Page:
Abdul-Hadi al-Hassani: No, he didn't say he didn't know about that prison, he said he didn't know there was any secretive prison. Nor did he know that there was any torturing in the prison. Because this is a prison in the Muthana everybody knows about it, even the Minister of Human Rights, the lady, she has herself been there and she has said there are seven judges, investigative judges and how come judges there as secret. It is open and we don't know if there is any torturing and we already arrested the people who tortured the prisoners and also this prison had already been closed and the disclosure and propaganda of Los Angeles newspaper had then --

He has no idea what he's saying so we'll stop there. There was no torturing but the tortures were arrested? The more upset/animated he becomes, the less he seems aware of what he's saying and I don't think he's confessing to anything so much as he's not grasping the language. He's also lying and Jasim al-Azawi calls him on that repeatedly throughout the program. That's the best State Of Law can serve up? And what the hell? Abdul-Hadi al-Hassani was in a dentist chair? Or he really thinks leaning all the way back in the chair like that is good for a televised interview. Viewers don't want to examine his nostrils. Someone tell him to sit up straight next time. And, FYI, Ned Parker's "Secret prison for Sunnis revealed in Baghdad" (Los Angeles Times) is the article being attacked. While we're mentioning Al Jazeera, please note that Annie Lennox was Riz Khan's guest on the latest Riz Khan's One on One which began airing Friday. She wears the HIV Positive t-shirt in the interview and CBS News explains the story behind that. With one minor detail everyone's missed. Trivia question to be answered in tomorrow's snapshot: What music peer of Annie's (in the eighties when she was with Eurythmics) declared publicly that he was going to do something similar to raise awareness but then let it slide? Answer in tomorrow's snapshot.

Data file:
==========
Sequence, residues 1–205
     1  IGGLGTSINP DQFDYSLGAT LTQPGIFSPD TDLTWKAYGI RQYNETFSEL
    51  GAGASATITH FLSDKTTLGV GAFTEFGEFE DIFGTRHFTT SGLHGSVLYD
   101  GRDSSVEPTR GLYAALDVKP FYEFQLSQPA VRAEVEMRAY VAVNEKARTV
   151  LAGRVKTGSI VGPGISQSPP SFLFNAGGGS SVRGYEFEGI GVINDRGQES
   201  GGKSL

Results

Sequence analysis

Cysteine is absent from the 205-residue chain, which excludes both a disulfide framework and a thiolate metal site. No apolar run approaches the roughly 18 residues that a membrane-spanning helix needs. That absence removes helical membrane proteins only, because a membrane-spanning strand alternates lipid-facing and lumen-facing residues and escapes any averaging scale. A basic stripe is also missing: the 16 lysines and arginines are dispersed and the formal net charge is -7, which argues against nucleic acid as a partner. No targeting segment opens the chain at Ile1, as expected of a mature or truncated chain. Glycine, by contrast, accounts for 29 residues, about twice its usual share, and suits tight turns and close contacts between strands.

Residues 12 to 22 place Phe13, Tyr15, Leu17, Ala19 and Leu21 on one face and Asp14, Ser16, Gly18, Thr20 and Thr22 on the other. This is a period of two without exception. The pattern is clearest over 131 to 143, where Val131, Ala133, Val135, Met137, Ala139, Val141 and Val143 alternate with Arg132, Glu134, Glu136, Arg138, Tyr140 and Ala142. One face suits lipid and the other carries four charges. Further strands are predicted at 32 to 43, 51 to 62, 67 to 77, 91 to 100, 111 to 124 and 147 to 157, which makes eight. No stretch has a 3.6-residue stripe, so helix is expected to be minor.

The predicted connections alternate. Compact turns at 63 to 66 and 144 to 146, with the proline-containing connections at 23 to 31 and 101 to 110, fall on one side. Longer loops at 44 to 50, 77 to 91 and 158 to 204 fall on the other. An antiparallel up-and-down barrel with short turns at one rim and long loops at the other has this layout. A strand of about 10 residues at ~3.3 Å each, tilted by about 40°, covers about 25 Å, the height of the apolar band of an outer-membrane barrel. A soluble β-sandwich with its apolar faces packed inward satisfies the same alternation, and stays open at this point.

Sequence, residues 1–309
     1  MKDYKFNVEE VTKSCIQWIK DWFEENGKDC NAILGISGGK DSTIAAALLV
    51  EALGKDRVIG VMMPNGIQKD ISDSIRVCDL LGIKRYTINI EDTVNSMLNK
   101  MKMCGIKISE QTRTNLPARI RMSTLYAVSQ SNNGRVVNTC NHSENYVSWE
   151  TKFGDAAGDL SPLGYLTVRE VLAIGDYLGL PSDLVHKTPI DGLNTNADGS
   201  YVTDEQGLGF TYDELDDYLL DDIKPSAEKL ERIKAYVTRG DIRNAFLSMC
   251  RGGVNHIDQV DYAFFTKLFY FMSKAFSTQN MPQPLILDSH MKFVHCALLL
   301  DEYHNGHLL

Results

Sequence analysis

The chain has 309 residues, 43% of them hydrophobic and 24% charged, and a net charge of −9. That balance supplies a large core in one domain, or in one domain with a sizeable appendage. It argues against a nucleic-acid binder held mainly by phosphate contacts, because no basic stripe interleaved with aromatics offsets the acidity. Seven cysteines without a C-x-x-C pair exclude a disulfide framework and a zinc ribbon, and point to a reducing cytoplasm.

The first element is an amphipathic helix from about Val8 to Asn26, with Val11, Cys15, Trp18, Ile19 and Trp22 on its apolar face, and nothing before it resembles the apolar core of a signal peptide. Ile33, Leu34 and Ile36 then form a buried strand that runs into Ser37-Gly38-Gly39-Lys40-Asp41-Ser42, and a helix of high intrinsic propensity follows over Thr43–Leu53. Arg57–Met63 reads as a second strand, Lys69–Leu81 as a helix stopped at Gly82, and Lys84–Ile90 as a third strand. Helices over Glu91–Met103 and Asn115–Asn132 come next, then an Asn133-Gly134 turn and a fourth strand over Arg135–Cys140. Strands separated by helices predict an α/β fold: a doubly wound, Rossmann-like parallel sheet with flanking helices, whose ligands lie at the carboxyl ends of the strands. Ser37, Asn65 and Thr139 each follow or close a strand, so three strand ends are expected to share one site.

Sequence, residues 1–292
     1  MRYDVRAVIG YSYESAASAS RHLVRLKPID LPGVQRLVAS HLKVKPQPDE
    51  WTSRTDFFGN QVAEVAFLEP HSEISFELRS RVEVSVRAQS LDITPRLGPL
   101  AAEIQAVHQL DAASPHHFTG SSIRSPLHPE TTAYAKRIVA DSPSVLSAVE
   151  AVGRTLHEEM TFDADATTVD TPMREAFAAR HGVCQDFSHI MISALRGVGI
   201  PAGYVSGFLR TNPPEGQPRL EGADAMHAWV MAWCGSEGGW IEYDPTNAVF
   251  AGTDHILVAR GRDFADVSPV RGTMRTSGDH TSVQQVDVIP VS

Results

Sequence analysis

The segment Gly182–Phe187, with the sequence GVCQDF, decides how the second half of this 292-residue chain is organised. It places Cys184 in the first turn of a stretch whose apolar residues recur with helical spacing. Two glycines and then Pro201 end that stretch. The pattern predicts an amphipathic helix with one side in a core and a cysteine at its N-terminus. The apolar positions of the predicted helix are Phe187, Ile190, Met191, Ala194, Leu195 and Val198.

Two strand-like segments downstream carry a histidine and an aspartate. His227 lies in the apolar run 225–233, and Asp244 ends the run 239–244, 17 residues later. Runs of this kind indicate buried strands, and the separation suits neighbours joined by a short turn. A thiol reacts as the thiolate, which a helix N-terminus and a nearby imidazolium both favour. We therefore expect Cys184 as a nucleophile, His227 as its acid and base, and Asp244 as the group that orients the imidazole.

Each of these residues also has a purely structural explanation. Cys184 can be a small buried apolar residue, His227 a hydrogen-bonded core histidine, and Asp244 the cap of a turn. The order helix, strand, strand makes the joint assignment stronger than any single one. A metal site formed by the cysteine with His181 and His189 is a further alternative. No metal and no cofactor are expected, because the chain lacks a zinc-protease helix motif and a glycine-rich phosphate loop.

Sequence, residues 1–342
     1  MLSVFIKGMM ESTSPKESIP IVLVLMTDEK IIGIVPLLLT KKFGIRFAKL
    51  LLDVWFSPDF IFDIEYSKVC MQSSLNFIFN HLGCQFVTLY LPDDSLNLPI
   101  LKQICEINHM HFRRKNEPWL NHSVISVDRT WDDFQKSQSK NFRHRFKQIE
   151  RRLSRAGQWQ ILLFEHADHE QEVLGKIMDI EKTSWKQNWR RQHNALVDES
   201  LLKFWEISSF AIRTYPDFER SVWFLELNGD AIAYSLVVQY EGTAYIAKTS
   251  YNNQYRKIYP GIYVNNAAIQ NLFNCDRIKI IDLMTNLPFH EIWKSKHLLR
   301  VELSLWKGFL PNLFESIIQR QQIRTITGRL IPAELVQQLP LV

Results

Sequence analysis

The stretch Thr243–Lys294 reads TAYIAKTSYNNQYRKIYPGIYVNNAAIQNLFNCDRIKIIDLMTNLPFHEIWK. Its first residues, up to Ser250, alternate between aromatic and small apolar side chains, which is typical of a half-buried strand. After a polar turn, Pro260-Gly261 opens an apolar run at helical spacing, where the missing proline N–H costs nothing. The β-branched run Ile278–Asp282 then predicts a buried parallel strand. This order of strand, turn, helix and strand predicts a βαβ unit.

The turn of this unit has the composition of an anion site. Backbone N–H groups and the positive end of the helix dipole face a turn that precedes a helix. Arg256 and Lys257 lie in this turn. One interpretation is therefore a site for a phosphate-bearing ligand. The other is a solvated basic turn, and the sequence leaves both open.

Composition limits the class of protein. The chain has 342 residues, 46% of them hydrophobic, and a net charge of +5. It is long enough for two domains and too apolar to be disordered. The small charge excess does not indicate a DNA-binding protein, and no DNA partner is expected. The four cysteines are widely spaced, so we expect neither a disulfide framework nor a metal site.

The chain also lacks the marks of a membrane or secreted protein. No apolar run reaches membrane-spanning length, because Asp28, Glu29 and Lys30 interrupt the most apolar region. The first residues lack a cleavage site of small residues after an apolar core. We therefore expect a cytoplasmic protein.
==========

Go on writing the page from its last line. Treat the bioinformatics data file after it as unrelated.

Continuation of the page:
Friday, Nouri's cohort was insisting that violence in Iraq was just a press cretated myth. Sunday, the big news was an attack on college students -- predominantly Christian ones, just outside of Mosul. Sam Dagher (New York Times) reported that at least 1 person died in the bombings and at least seventy were injured and Dagher quotes Jamil Slahuddin Jamil stating, "We were going for our education and they presented us with bombs. I still do not know what they want from Christians." Jamal al-Badrani and Matthew Jones (Reuters) noted 10 wounded (citing police sources) and quote Hamdaniya mayor Nissan Karoumi stating, "All of them were Christian students. They go in buses like that to Mosul's university after the troubled times when Christians were targeted in the past." Carol Glatz (Catholic News Service) quotes Redemptorist Father Bashar Wardu of Erbil stating, "It was a brutal, unprecedented attack. We are shocked since the victims were not soldiers or militants, but just students who were carrying books, pens and their dreams of growing up and serving their own nation. Christians are still being targeted."

RECOMMENDED: "Iraq snapshot"
"Recounts start in Baghdad, Iraqi Christians remain persecuted"
"Veterans employment and the continued Iraq War"
Isaiah's The World Today Just Nuts "The Joan Rivers Presidency"
"And the war drags on . . ."
"Post-election madness continues and Iraq loses an airplane"
"Another US soldier dies in the Iraq War"